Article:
"A Faithful Attempt" is designed to showcase a variety of K-12 art lessons, the work of my art students, as well as other art-related topics. Projects shown are my take on other art teacher's lessons, lessons found in books or else designed by myself.
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LAND ACKNOWLEDGEMENT I acknowledge, with deep respect, that I am gathered on Treaty 7 territory. I acknowledge the many First Nations, Métis and Inuit whose footsteps have marked these lands for generations. I respect the histories, languages and cultures all the Indigenous peoples of Canada, whose presence continues to enrich our community.

Saturday, June 30, 2012

Klimt Gold Patterns Collage

I found this lesson, by Art teacher Kris Fontes from Union City High School, on the Incredible Art Department site and it's since become one of my all-time favourite lessons to teach. I find that all students have a high success rate with this project.

In this project, students create an elegant drawing in the ornamental, decorative and luxurious style of Austrian artist Gustav Klimt. Instead of gold scratchboard, as used in the original lesson on the IAD site, we simply used gold markers and gel pens on black paper.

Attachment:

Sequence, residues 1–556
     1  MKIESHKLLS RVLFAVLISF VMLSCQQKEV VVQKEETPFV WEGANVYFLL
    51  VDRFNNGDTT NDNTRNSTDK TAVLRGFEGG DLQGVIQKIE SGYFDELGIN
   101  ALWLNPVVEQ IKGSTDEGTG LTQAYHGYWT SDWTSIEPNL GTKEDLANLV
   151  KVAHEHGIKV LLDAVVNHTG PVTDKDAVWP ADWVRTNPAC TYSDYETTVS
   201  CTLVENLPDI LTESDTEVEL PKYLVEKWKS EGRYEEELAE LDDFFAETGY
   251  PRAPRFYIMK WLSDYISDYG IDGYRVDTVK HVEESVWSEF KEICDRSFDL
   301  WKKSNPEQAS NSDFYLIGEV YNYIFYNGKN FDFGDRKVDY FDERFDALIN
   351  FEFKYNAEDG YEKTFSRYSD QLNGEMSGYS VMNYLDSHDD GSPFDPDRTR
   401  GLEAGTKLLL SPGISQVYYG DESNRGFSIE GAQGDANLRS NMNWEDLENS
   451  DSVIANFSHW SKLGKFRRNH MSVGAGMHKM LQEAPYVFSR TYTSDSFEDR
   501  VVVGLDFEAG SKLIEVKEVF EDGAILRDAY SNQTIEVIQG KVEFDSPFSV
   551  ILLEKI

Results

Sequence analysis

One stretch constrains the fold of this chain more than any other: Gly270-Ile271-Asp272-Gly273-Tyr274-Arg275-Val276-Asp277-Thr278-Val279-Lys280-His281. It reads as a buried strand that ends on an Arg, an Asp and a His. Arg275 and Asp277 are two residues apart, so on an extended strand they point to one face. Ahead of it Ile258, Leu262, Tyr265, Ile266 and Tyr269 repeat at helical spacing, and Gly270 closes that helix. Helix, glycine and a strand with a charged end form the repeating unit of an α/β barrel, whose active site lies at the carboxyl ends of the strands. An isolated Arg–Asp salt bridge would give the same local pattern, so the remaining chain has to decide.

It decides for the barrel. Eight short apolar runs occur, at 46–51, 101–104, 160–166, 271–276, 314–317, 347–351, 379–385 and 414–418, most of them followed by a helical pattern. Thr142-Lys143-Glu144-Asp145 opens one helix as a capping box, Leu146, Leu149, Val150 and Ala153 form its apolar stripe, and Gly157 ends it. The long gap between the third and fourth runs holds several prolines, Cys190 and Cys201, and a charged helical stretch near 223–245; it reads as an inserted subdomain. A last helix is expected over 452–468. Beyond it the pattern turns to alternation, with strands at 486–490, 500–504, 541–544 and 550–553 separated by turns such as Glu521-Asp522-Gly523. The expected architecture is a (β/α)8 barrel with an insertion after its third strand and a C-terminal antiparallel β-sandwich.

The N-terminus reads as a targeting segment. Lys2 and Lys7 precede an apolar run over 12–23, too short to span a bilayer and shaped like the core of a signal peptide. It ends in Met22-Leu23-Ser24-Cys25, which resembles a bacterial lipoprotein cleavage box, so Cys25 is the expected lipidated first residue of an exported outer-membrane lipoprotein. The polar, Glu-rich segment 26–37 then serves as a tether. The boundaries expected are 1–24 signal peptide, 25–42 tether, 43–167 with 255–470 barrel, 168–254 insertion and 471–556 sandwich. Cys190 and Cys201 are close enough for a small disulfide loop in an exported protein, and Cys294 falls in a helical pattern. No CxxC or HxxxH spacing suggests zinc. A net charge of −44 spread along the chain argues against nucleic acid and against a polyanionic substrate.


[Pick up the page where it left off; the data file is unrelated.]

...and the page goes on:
You need fairly simple materials for this: magazines and/or printer, scissors, glue sticks, black paper, and gold pens/markers and books/images of Klimt's work.

I start off by showing a slideshow of Klimt's work and talk a bit about the Art Nouveau movement. Have students describe the patterns and colours used.

From Wikipedia:

Gustav Klimt (1862–1918) was an Austrian Symbolist painter. His major works include paintings, murals, sketches, and other art objects. Klimt's primary subject was the female body. He is most famous for his “Golden Phase” where he used gold leaf in his paintings. 

The Kiss, 1907-08
 "Whoever wants to know something about me – as an artist which alone is significant – they should look attentively at my pictures and there seek to recognize what I am and what I want." (Gustav Klimt)

Adele Bloch-Bauer's Portrait, 1907  
(sold for a record $135 million in 2006)

First find a nice large picture in a magazine of a figure that has some flesh showing- a head and arms, or whatever. I told the students to look for lots of photos and then choose the best from the bunch. It does take some time to find just the right image.
Some students wanted a particular person, so they found a photo on the internet and printed it out. The quality wasn't as nice as a magazine photo, though.

Carefully cut out the figure from the background:

Place your figure on the black paper and carefully and lightly trace around it with a pencil.

This is so you'll know where to re-glue the parts in the next step.

Now, cut away all the clothing.

Then glue down, using a glue stick, all the 'flesh' parts. Use your traced guidelines 
to help place all the pieces in the right spot.

Now, students are going to design patterns for the clothing and patterns for the background.
One pattern needed to be quite dense and complex, while the other could be simpler, so as to create contrast. Students designed their patterns first in their sketchbooks.

For the good copy, we used two types of gold pens: one thin (Staedtler brand) and a thick one (I bought a bunch from the Dollar store- they were surprisingly good quality I have to say!).